We should also persist with income redistribution, since an extra pound or dollar gives more happiness to poor people than to the rich. That argument also implies redistribution to the Third World.
Statesmen take note...

Climate change grant

Excellent news!

From the Stabroek News:
The Government of Guyana and the United Nations Development Programme (UNDP) yesterday signed an agreement for a grant of US$455,000 ($93M) to assist in Guyana meeting its obligations under the United Nations Framework Convention on Climate Change (UNFCC).
See article.

Friday, June 29, 2007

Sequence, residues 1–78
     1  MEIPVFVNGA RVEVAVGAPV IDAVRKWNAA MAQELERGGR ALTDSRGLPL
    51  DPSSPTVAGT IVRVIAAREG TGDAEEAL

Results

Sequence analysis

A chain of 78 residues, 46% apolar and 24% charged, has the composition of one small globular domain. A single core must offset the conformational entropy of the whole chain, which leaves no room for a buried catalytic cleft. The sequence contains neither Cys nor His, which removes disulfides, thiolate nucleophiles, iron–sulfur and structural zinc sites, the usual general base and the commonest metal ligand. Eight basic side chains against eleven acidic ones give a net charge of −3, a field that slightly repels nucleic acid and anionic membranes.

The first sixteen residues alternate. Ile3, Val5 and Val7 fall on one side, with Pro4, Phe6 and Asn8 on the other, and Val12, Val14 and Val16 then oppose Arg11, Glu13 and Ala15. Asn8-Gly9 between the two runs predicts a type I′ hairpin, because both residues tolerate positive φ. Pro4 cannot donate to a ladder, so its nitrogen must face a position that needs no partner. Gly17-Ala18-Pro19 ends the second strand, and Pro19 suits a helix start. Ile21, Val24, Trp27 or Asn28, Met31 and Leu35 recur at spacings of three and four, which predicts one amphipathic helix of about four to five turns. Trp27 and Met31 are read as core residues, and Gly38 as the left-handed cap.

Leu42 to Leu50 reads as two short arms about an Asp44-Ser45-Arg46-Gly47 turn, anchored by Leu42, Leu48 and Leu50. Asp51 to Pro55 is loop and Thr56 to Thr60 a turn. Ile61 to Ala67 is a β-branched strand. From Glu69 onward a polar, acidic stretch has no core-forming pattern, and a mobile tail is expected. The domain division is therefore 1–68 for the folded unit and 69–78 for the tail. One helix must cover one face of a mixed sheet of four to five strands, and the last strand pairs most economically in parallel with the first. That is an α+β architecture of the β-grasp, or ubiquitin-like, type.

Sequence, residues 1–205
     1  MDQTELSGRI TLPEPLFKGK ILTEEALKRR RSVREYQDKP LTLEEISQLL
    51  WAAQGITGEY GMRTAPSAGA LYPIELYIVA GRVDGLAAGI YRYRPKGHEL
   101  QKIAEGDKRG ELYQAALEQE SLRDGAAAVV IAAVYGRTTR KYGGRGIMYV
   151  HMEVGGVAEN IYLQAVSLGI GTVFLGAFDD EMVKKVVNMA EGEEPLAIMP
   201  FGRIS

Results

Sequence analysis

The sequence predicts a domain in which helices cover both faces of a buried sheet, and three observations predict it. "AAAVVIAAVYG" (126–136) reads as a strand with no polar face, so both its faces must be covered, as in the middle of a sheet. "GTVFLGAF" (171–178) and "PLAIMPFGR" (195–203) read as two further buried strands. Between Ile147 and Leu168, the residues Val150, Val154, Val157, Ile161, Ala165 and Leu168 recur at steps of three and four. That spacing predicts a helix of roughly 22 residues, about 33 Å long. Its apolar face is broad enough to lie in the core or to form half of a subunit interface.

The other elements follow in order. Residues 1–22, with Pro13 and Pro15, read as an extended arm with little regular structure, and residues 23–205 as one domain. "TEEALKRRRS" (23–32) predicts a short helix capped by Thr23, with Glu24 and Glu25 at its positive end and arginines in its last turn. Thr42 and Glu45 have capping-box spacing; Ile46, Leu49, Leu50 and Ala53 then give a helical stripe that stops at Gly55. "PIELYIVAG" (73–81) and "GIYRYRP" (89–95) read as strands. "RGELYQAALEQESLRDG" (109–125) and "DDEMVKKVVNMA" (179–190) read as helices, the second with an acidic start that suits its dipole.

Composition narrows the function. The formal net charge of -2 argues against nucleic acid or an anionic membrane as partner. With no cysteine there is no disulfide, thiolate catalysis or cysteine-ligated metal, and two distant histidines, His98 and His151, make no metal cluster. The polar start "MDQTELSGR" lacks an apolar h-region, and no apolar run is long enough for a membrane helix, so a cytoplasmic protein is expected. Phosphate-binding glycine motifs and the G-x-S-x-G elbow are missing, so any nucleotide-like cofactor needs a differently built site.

ICANN continued - the sequel

Wednesday was a day of cruising from one session to another. However there was another good session for Caribbean fellowship people to give input on the ICANN Strategic Plan. Later I attended to ISOC (Internet Society) meeting where many chapters reported in and topical issues discussed in the limited time available.
Finally, after looking in on some other sessions there was the meeting of 'fellow fellows' for some additional briefing - this took place each day though I failed to mention it.

Thursday. Whole day in a technical session for ccTLDs (I'll explain it this time - operators of top level country domains). Real interesting presentation by Bill Woodcock (CERT) on the Estonia incident. Other stuff on DNSSEC and Anycast.
By now the frenetic merry-go-round of meetings has slowed with busy people taking off for distant lands. Looks comparatively quiet...
Final fellowship session, the obligatory photo and the parting of friends...